Only in memories | Daily Star
12:00 AM, February 26, 2019 / LAST MODIFIED: 02:31 AM, February 26, 2019

Barishal Canals: Part I

Only in memories

There is a saying in Bangla: “Dhan, nodi, khal -- ei tin-e Barishal” [paddy, river and canal -- three things that make Barishal]. Reality contradicts this adage these days. There were a total of 48 canals in the city. Over the years, many of them have died. Here is the first part of a series on how the waterbodies experienced their demise.

Even a few years ago, Barishal did not witness much waterlogging that the city is experiencing nowadays.

A flood-like situation will arise, like previous years, during monsoon. Roads will drown even after a brief rain, causing public sufferings. People will have to wade through ankle- or knee-deep water.

“Even five years ago, we could not imagine this situation,” said Anower Hossain, a shopkeeper in Rupatoli area.

Similar comments came from Moklesur Rahman Moni, a student of BM College.

What's causing this gradual worsening of the situation? When asked, locals mentioned dead or dying canals as the root cause.

Once upon a time, rainwater would make its way to the rivers Kirtankhola and Kalijira through more than a dozen canals that do not exist anymore.

Grabbers' hunger for land, authorities' collective failure as well as people's absolute disregard for the waterbodies led to this.

With the canals having no demarcation, grabbers closed in on them. Residents thoughtlessly dumped garbage in them every day -- choking the canals and disrupting their normal flow. And the authorities were reportedly reluctant to save them.

Gradually, the channels disappeared from sight in 20 years.

Barishal City Corporation Executive Engineer Anisuzzaman said there were 48 canals in the city. Of them, 14 are now dead, he said.

Talking to The Daily Star, many locals expressed their anger and frustration while some looked back nostalgically.

There were three canals -- Tajkathi, Gilatoli Prodhan and Gilatoli Shakha -- in and around Bashundhara Housing area years ago, said Khaleque Talukder, 68, a resident of the area.

“They now only exist in memory,” he said.

After unabated encroachment, government agencies completed the final course of action by implementing development projects on them.

“Can you imagine there was a canal called 'Bhatar Khal' in place of the road I'm standing on?” said Shajahan Molla, 70, from Brown Compound area. The canal used to flow through the heart of the city, he added.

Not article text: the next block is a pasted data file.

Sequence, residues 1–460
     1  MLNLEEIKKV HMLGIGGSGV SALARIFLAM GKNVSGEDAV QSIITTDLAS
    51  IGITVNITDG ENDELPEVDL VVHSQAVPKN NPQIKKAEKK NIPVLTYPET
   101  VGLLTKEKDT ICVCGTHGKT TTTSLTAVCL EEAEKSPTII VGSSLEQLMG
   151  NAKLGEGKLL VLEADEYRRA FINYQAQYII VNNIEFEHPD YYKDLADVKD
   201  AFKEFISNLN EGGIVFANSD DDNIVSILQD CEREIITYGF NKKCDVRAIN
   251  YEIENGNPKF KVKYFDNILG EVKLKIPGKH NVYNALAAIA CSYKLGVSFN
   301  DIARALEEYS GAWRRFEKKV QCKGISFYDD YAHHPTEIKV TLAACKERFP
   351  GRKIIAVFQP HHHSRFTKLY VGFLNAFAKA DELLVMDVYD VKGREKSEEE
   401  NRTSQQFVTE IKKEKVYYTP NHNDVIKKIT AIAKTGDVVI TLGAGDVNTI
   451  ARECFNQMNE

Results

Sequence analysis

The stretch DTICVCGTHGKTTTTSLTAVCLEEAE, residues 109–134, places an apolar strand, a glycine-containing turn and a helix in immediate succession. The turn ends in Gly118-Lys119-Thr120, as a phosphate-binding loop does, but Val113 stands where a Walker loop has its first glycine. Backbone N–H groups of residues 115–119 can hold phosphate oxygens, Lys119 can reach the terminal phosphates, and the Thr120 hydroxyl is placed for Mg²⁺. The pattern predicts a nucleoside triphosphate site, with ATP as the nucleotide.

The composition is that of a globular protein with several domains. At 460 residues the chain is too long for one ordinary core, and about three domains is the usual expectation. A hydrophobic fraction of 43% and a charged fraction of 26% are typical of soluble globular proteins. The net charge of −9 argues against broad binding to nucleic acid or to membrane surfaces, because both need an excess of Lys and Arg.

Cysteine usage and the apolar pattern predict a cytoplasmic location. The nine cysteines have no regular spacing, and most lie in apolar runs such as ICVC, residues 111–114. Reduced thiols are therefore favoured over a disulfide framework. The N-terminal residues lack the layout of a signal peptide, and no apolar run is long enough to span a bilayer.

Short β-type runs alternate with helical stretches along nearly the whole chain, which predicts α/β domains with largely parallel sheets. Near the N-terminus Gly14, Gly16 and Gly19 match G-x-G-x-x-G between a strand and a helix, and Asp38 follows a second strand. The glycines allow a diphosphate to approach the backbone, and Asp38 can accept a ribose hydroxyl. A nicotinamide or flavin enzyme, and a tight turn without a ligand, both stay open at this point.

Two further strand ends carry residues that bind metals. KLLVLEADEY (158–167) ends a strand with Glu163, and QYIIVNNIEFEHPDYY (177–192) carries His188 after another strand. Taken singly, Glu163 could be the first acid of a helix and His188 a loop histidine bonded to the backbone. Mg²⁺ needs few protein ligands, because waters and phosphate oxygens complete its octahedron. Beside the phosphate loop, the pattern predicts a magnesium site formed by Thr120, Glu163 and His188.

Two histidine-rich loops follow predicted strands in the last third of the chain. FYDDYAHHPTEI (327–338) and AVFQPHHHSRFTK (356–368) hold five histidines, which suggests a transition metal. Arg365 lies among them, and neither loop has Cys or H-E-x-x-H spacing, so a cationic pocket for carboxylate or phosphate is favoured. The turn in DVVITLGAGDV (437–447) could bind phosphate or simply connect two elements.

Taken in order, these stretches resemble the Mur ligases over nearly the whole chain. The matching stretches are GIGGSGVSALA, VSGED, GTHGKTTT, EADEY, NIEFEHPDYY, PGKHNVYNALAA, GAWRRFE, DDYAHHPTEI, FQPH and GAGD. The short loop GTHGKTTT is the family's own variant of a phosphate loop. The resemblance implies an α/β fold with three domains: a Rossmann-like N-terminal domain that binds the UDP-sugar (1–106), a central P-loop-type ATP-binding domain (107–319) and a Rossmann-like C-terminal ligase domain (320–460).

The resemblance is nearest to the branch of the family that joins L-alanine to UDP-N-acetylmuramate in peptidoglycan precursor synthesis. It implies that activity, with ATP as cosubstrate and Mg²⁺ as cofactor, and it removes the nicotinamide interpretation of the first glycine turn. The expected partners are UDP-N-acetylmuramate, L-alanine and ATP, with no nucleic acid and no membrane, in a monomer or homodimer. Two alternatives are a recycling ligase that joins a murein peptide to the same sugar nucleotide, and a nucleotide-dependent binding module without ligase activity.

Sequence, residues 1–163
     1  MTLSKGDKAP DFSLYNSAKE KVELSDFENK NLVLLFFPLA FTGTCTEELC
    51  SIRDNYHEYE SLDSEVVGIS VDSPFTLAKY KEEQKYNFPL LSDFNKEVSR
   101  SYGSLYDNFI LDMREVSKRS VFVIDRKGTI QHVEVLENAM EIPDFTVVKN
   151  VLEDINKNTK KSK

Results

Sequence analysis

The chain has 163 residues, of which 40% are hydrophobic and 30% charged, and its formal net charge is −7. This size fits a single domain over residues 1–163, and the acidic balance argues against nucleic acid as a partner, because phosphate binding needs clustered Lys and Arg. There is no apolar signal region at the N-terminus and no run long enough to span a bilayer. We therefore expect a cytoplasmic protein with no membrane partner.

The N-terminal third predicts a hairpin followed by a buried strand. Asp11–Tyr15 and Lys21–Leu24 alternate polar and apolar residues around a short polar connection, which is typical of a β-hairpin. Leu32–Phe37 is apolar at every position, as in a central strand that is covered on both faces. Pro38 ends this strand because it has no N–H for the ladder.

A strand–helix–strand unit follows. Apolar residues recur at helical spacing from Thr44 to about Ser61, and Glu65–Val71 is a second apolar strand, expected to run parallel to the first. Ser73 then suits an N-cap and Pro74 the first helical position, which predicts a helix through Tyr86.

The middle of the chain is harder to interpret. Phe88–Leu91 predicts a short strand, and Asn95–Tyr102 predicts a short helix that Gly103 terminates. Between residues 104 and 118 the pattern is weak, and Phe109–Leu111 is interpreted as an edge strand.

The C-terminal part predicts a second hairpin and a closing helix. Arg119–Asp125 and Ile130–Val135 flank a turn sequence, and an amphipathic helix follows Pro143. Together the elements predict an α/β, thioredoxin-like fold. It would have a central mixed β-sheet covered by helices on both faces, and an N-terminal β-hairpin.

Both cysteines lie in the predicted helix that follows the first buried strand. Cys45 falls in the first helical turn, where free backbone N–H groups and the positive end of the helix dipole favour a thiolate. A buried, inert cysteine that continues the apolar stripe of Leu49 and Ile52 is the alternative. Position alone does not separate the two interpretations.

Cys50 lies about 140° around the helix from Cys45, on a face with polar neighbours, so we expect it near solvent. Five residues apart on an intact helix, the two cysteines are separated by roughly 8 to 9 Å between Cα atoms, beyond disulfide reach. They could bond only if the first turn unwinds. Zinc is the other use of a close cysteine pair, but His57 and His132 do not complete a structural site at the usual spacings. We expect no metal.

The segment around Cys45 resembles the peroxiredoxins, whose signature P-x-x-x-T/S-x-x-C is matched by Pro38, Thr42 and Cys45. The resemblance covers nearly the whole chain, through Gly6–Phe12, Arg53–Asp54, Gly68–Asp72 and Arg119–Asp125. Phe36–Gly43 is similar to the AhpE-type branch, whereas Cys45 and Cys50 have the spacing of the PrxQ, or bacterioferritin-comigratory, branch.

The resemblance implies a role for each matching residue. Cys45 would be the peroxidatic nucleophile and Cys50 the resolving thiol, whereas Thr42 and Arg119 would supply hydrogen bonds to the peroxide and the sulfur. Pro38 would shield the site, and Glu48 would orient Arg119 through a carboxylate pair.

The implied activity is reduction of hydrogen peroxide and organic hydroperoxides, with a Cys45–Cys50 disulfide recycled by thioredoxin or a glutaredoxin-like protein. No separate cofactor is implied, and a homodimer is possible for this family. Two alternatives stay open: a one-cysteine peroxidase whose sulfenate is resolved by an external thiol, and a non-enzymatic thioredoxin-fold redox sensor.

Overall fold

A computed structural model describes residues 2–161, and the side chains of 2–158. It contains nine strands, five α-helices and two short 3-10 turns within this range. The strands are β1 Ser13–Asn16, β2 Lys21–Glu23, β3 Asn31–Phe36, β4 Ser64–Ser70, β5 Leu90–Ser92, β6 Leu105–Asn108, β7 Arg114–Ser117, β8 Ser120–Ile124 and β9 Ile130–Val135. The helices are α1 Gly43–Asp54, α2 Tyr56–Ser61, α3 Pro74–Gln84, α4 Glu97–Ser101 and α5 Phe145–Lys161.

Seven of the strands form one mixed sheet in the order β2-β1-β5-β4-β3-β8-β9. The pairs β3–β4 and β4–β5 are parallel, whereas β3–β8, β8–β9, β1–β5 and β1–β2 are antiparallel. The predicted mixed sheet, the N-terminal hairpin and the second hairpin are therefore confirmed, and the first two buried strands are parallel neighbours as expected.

Similarly, no one can locate Chandmari, Kalikhola and Ghanopara canals in Sher-e-Bangla Hospital, Bishwashbari and Goalbari areas respectively. Residential buildings, business establishments and roads have replaced them.

“There was a wide canal near my house where hundreds of boats plied and people caught fish around two decades ago,” said Maksudur Rahaman Khan, former principal of Government Rajbari Mohila College, who lives on Kalibari Road.

The 70-year-old added that he would transport various goods on boat through this canal.

He blamed the government, between 2001 and 2006, for destroying the canals and turning most of them into drains.

Shajahan Molla, a retired government officer, said, “I built my house near Bhatar Khal with hope for easy transportation and good drainage system around 30 years ago. But unfortunately the waterbody does not exist today due to the drainage project.”

Former college principal Maksudur used to buy plants from boats which were carried from Sarupkathi, three decades ago. “I witnessed how the canals disappeared,” he said.

Abdur Rahaman Khan, a retired banker living in Banglabazar area, said people used to take boats as transport as the city was blessed with dozens of canals.

“I came to this city on a boat with my parents for my matriculation exams in 1968,” he said.

Reminiscing journey by boat on Battola Khal, a channel of Nobogram canal, he said youngsters today are deprived of that experience.

A market, Battola Bazar, developed because of its proximity to the canal. Now, the market exists but the canal does not, he added.

Haimanti Sukla, an architect of Barishal City Corporation, said there was a good drainage system 15 years ago because of the presence of Nobogram Khal, which is dying.

Dying canals are also affecting agriculture and business. Anower Hossain said, “I used to bring firewood on boat or trawler to sell those to city dwellers when the canals were alive. Transport cost was low. Now, I have to hire trucks at higher cost.”

Similarly, Rafiqul Islam, 40, a farmer from Kalijira area, said, “Five years ago, I used to grow various vegetables and rice. I stopped growing those due to a lack of proper irrigation. Besides, my farmland gets waterlogged.”

Such situation would not have risen if the canals had not died, he added.

Several other businessmen of Natun Bazar made similar comments.

Barishal City Corporation and Office of the Deputy Commissioner are entrusted with looking after the waterbodies.

“The canals could have been saved if proper actions were taken two decades ago. They were grabbed or dried up due to indifference of the departments concerned,” said SM Ajior Rahman, deputy commissioner (DC) of Barishal, who took charge around four months ago.

“We will work with the city corporation to retrieve the canals as early as possible,” he added.

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